My first brush with inebriation happened within a month of my eighteenth birthday, a birthday that, in 1979, meant that I could legally consume beer and wine in the State of Maryland where I lived. And drink beer I did! At Maggis’ Pizzeria in Wheaton, Maryland along with a few of my work compadres. I was eating pizza and drinking beer just as I had done with soda-pop countless times before. I wasn’t drinking beer to get buzzed, I was drinking beer to wash down food; but regardless of my goal, buzzed I most certainly did get! And of course, all my years of training came rushing back to me and I felt great guilt and regret over my slightly intoxicated state.

In a pig’s eye! I loved being buzzed. I wondered why I hadn’t been doing this for years and looked forward to doing it again and again. (And I did!) Why, soon I even got drunk. That state where not only inhibitions but coordination, good judgement and for far too many far too frequently, even manners and common decency disappear. (I, by the way, am a happy drunk. I am not one bit belligerent, and though my ability to reason and control myself may falter I do not turn ugly; only stupid.)

For the next year-and-a-half I got buzzed more weekends than not and sometimes drank to the point of being legally intoxicated in regards to operating a motor vehicle in the 21st Century. (The DUI blood alcohol level for Maryland in 1979 was .12, which is fifty percent higher than the DUI level now and three times Maryland’s lower DWI level of .04.)

In 2008 Katie Perry sang about kissing girls and liking it and in the late 70’s and early 80’s I was getting buzzed and loving it! I did quickly realize that getting buzzed, too drunk to drive safely but nowhere near the old legal limit, was just as much fun as getting sloshed, and proved to be far less painful the morning after. As time went by my drinking slowed and for decades I have been an ein stein drinker. “Ein” as in one, and “Stein” as in mug. I typically have one drink per night and call it a day. Two drinks is a big deal for me and three nearly unheard of. I am old and, as I like to point out, I was born to be mild.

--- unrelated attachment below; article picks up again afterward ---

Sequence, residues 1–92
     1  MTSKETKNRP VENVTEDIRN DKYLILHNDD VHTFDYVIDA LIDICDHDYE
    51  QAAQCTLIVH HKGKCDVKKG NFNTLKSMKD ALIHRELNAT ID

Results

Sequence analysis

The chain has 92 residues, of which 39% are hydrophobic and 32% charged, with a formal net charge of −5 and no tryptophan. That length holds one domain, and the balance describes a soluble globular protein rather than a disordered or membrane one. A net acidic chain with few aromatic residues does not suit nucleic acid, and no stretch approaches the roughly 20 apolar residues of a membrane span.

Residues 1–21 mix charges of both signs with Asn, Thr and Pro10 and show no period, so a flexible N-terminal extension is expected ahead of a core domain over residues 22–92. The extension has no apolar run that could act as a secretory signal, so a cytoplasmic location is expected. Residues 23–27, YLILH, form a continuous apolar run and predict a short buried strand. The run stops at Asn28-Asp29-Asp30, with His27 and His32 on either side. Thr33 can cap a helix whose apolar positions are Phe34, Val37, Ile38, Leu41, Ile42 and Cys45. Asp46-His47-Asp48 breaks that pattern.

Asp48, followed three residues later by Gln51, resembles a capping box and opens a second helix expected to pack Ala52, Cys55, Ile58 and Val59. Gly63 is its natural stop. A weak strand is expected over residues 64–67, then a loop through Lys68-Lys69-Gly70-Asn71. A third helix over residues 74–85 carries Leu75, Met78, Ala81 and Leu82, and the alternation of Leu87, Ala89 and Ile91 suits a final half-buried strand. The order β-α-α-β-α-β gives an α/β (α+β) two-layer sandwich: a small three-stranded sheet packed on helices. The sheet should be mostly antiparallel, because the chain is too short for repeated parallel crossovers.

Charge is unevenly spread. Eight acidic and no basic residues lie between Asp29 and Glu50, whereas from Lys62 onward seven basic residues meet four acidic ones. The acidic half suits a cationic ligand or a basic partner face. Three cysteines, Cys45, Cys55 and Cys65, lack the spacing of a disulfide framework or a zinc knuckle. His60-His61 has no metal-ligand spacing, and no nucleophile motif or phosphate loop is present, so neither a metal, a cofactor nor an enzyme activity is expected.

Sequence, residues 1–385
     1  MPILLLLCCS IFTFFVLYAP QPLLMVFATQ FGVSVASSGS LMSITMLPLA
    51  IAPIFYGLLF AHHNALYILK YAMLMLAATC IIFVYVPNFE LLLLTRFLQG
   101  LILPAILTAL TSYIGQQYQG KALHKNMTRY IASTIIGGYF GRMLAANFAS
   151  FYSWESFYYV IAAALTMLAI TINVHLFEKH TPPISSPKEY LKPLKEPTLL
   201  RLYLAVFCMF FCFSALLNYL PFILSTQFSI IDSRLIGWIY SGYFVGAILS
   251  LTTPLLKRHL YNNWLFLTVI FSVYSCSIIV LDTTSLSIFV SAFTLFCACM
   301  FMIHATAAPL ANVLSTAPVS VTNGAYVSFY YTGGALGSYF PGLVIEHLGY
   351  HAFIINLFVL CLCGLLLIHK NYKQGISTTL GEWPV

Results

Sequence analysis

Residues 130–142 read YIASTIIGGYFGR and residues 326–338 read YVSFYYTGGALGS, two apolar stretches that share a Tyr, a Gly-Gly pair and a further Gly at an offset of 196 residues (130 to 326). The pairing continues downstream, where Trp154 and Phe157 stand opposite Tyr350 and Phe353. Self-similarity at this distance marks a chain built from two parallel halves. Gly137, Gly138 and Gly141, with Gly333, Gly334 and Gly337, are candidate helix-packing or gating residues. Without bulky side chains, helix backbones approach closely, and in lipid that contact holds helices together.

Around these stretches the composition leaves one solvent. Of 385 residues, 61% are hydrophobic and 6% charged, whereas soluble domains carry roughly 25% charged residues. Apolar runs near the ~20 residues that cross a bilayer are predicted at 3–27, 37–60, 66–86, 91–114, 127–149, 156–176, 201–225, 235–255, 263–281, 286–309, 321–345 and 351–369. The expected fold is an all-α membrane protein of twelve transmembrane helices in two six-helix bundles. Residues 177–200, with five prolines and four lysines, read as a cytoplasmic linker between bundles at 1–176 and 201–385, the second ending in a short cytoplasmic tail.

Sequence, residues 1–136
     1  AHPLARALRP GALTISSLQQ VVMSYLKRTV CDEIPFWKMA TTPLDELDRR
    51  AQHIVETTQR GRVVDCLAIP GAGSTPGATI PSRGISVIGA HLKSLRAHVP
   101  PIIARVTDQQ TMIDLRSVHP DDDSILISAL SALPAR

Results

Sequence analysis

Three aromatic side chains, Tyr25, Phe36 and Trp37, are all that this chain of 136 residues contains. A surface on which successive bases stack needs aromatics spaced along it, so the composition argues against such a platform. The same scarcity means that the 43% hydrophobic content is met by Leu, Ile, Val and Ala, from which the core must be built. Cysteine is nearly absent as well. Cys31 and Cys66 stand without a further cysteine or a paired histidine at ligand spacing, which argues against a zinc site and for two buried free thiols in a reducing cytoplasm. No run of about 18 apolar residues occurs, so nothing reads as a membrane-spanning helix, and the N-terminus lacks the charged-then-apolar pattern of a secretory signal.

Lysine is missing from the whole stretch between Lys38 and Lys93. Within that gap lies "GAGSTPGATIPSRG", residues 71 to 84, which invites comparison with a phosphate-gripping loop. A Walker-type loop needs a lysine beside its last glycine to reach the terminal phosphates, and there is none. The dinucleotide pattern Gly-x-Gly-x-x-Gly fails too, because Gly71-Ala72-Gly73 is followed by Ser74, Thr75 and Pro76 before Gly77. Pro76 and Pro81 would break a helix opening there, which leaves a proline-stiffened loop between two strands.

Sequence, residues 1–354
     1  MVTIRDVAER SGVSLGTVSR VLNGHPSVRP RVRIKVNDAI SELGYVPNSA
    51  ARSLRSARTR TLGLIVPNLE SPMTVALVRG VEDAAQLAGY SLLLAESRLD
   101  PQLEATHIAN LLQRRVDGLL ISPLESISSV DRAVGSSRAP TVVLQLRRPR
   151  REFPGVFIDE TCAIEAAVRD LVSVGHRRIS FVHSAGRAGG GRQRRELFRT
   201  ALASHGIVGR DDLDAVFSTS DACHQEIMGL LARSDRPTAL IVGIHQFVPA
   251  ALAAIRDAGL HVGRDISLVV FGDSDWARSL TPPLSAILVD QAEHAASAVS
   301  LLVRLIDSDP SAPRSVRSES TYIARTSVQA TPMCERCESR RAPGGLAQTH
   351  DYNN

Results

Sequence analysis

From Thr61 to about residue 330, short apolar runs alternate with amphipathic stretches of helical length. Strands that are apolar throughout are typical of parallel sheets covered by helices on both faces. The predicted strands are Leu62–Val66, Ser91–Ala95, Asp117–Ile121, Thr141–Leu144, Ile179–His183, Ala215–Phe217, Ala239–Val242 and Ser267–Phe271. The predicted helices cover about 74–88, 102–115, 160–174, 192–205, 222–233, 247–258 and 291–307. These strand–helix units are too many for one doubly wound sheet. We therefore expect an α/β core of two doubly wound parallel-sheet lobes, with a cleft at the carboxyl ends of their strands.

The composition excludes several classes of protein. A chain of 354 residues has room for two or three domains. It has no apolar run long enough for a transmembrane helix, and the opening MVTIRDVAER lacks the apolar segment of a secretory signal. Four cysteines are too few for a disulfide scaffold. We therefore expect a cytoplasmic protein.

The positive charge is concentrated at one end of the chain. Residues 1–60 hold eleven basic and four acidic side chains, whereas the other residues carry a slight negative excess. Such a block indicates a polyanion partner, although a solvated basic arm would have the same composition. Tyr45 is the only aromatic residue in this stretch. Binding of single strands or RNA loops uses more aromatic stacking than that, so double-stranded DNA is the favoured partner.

And even though my alcohol consumption was steady I still equate drugs being for sick people and that sick people are weak. (You think that’s harsh? Me too! You try changing thoughts patterns that were implanted in your brain from day one!) I have never taken an illegal drug and when I was reduced to taking anti-depressants I was desperate to rid myself of them. (I do take two medications. Why? Because my body doesn’t work properly, or is “weak,” of course!)

So, what’s all this got to do with suffering in the pharmaceutical age? Well, I got sick on Monday. Came down with a humdinger of a cold. Knocked me to bed for two days and still wasn’t feeling right on Thursday, four days later.

Now, what should we do if we’re suffering? Did someone say seek treatment from a qualified physician? Good answer! So today I went to my doctor and after she examined me she said I have a bad cold. Her recommendation? Get plenty of rest and try taking Zyrtec or the like for a few days. You know; use some drugs to relieve the symptoms even if they don’t really help me heal faster. So, on the way home I stopped at the pharmacy and picked up some OTC drugs.

I popped my little Zyrtec and will repeat this for the next few days and hope that I get relief fast. Mom and Dad may have been right about drugs being for sick, weak people but sometimes they are for smart, strong folks too.